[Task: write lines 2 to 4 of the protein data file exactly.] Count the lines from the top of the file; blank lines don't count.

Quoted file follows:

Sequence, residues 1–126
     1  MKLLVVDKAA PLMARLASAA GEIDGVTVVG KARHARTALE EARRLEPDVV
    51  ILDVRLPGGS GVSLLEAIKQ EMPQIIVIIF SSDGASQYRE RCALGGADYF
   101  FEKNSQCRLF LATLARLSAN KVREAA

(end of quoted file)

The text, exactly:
     1  MKLLVVDKAA PLMARLASAA GEIDGVTVVG KARHARTALE EARRLEPDVV
    51  ILDVRLPGGS GVSLLEAIKQ EMPQIIVIIF SSDGASQYRE RCALGGADYF
   101  FEKNSQCRLF LATLARLSAN KVREAA